Did you know Vital Communities has an e-newsletter?
Check out the most recent issues online here!
Sullivan County Community Grant Program
The Sullivan County Board of Commissioners are accepting grant applications for Fiscal Year 2023 from charitable non-profit organizations that provide services to the entire county, who are seeking public funding to support the delivery of those services to County residents. 
You may view previous year grant recipients; the updated County Grant Policy; and, attain the current grant application at the County’s website on the “County Community Grants” page by following this link:
Completed grant applications are due no later than 12:00NOON Friday, March 18, 2022. 
If your non-profit is interested in applying and would like to attain a Microsoft Word version of the application (and Excel workbook to use for your proposed budget) or if you have questions, please contact the Sullivan County Commissioners’ Office, 14 Main Street, Newport, NH, 03773 at (603) 863-2560 or e-mail  
Claremont Prepares to Celebrate 125 Years of Arts and Entertainment
In June, the Claremont City Hall and Opera House building will celebrate its 125th Anniversary since the dedication in 1897. A collaboration between the COH, City of Claremont (Business Development and the Fiske Free Library), Claremont Historical Society (CHS) and the Off Broad Street Players (OBSP) resulted in the formation of an anniversary committee to plan celebrations for the occasion.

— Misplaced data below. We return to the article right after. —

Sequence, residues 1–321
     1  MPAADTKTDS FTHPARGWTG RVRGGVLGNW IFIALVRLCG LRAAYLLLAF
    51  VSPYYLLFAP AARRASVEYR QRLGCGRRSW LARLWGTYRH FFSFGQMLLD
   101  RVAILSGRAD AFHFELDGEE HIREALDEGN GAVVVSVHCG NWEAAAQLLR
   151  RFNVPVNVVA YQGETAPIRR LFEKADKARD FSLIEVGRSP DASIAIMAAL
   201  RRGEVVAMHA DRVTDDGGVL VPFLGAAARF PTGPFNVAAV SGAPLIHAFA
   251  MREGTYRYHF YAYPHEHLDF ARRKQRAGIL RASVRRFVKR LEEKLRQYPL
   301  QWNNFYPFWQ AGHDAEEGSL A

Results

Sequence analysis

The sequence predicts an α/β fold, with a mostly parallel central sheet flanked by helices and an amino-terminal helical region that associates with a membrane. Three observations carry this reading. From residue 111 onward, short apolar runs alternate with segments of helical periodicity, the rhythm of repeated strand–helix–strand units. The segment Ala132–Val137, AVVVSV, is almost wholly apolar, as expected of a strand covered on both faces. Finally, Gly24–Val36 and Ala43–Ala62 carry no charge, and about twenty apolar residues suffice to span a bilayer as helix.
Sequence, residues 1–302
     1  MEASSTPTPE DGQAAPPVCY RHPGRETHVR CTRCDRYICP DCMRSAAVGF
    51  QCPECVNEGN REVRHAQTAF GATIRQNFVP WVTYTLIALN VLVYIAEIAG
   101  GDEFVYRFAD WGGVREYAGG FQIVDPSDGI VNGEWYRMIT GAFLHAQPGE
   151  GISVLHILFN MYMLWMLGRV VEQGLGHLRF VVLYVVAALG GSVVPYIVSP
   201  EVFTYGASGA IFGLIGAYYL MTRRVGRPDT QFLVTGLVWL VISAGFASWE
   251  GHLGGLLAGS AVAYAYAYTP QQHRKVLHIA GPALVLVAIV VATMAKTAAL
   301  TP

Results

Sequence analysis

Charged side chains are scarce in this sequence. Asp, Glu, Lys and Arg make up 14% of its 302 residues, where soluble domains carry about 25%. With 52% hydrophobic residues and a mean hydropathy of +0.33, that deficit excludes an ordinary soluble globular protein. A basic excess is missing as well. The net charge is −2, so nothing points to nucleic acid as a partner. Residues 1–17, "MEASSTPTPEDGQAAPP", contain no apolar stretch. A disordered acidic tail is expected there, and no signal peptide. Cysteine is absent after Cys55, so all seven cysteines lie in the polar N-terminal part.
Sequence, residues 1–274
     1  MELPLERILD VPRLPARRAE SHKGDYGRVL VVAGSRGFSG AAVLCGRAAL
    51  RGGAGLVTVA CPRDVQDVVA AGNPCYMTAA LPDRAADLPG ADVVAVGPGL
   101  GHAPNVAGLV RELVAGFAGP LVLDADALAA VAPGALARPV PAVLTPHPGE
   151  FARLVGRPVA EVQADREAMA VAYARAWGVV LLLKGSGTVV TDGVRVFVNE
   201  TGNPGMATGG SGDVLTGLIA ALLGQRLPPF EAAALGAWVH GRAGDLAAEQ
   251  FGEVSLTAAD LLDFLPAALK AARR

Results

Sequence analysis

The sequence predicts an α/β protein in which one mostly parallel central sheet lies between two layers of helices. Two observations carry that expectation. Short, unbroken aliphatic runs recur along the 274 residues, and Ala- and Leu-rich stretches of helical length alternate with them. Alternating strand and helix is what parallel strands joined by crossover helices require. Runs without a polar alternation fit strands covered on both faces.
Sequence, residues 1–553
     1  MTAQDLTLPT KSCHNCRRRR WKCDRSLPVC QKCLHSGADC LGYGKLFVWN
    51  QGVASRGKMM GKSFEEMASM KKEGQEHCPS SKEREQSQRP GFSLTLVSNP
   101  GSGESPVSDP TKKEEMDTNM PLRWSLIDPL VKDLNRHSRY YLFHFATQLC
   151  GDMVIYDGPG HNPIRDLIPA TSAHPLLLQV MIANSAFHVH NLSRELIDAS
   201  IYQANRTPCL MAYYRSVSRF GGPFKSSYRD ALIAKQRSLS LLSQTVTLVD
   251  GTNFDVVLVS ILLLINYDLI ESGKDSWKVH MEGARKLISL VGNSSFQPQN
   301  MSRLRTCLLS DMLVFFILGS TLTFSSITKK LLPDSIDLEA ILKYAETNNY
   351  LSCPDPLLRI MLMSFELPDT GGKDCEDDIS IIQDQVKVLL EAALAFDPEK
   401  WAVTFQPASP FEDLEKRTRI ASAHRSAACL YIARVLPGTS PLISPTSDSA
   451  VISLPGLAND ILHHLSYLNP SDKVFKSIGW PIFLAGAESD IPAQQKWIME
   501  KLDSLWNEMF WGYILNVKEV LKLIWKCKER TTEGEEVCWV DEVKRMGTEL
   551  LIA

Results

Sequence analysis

As part of their efforts, the committee is bringing the Claremont Oral History Project back to life. The oral history was originally published in 1981 as a collection of 41 interviews with former residents that was only available on cassette/CD, with a published index of summaries. This project was funded by New Hampshire Humanities. “The recordings are an amazing treasure about the history of Claremont, and in particular how the evolution of music and entertainment impacted the COH,” said Felicia Brych Dalke, COH Board President. In November, Colin Sanborn of the Fiske Free Library told Dalke and Christine Hawkins from the COH about the oral history, and they all agreed to expand access to this content as part of the 125th celebrations, resulting in the formation of the committee.